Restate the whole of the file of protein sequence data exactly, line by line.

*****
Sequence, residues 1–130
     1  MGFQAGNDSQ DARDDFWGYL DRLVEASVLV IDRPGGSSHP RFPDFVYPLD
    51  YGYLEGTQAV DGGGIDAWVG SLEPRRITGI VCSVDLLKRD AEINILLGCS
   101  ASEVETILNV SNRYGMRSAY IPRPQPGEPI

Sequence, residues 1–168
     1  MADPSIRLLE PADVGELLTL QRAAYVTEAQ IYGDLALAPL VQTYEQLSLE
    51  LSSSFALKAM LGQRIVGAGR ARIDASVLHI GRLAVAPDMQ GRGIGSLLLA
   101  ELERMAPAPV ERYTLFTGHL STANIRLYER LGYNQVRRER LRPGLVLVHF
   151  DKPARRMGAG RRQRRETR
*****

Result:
Sequence, residues 1–130
     1  MGFQAGNDSQ DARDDFWGYL DRLVEASVLV IDRPGGSSHP RFPDFVYPLD
    51  YGYLEGTQAV DGGGIDAWVG SLEPRRITGI VCSVDLLKRD AEINILLGCS
   101  ASEVETILNV SNRYGMRSAY IPRPQPGEPI

Sequence, residues 1–168
     1  MADPSIRLLE PADVGELLTL QRAAYVTEAQ IYGDLALAPL VQTYEQLSLE
    51  LSSSFALKAM LGQRIVGAGR ARIDASVLHI GRLAVAPDMQ GRGIGSLLLA
   101  ELERMAPAPV ERYTLFTGHL STANIRLYER LGYNQVRRER LRPGLVLVHF
   151  DKPARRMGAG RRQRRETR